Like many suburban, car-dominated business districts, Tysons is reliant on few, widely interspersed arterials that are overwhelmed by traffic at peak hours and incredibly hostile to pedestrians. These are roads that are simply inconducive to the livability principles that have become the standard lexicon of the planning profession because they make small-scale retail, mixes of uses, and walking nearly impossible. Unfortunately, these arterials are also the roadways chosen for the placement of the Silver Line and its stations; Metro trains enter Tysons from the east along the eight-lane Virginia Route 123, run southwest before turning northwest along the eight-lane Virginia Route 7.*

Fairfax County planners have prioritized the radical reconstruction of the district’s road network, moving it from a neighborhood of a few arterials (on the left in the image below) to a hierarchy of streets on a much more complex grid (on the right below). This hierarchy would incorporate the major arterials (now referred to as “boulevards”) but also bring in smaller streets identified as “avenues,” “local streets,” and “service streets.”

The smaller streets would provide the pedestrian-friendly atmosphere that is at the core of the idea of transforming Tysons into a “downtown.” By “downtown,” we’re clearly meant to envision a tight, walkable grid of mixed-use buildings with retail on the ground floor and either apartments or offices above.

Certain major projects underway in the district will include new, small streets, but it will take decades of transformations to make the neighborhood into a full grid. What we’re likely to get in the meantime, given the fact that Tysons is huge and development is hardly coordinated, are tiny areas of gridded streets, surrounded by auto-oriented parking lots and the same old arterials the area is known for.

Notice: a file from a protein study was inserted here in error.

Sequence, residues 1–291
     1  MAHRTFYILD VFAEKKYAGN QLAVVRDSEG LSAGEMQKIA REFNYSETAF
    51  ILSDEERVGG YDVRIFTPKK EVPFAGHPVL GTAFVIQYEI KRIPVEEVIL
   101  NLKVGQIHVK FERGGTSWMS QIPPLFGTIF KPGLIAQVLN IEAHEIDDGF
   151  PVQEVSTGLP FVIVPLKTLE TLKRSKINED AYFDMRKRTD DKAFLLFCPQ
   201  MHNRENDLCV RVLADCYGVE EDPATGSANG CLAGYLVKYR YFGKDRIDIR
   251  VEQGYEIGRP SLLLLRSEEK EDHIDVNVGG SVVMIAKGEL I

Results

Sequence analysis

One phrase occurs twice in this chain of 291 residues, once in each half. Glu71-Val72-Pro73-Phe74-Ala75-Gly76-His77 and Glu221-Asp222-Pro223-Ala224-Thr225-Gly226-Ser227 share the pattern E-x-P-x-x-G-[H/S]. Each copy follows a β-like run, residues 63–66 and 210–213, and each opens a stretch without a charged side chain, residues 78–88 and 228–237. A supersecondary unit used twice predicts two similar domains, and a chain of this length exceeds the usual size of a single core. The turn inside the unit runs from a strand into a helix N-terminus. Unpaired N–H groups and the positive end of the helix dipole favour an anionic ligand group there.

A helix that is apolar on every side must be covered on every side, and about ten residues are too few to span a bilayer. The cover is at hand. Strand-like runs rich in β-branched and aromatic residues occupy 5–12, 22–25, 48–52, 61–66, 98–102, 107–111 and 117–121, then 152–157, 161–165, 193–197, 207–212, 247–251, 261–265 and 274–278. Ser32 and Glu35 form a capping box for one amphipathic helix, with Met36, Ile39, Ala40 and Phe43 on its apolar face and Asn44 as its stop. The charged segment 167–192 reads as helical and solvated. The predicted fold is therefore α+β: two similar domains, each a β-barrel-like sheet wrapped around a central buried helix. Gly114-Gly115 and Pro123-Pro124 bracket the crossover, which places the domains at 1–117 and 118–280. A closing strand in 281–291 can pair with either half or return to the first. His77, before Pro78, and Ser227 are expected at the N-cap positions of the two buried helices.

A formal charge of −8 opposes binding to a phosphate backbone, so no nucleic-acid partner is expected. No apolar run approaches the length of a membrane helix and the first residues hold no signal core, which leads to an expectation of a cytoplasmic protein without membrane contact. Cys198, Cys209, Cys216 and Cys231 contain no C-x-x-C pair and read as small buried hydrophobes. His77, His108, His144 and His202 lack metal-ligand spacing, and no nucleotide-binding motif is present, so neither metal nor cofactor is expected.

Downtowns rely on a grid of streets that connects to the broader city’s grid of streets, creating walkable districts that allow people to live and work in places without a car. Where the gridded areas are created in Tysons, most people will continue to rely on their automobiles to get elsewhere in the area.

More problematically, the Metro entrances themselves will all be located on the “boulevards,” which sound nicer than they actually are. The state’s Department of Transportation, like many similar agencies around the country, tends to favor cars in its designs, and it will continue to run the boulevards. Certain of them have actually been widened in association with the construction of the Metro extension. It’s no wonder that the right side of the diagram above shows such as much space devoted to “boulevards” in the future (those big white voids) as the existing situation on the left.

Progressive planning suggests that the area that must be pedestrian-oriented, more than anywhere else, should be the areas right next to the rapid transit stations. These are the areas that need road diets, because they’re the areas where people do not need to be driving. But in Tysons, those areas are handicapped by wide roads that are unlikely to be shrunk anytime soon. The hostility of those roads is clear enough to Metro planners, who have built pedestrian overpasses on both sides of most stations to ensure that riders do not have to make the mistake of actually trying to cross the “boulevard,” as shown below.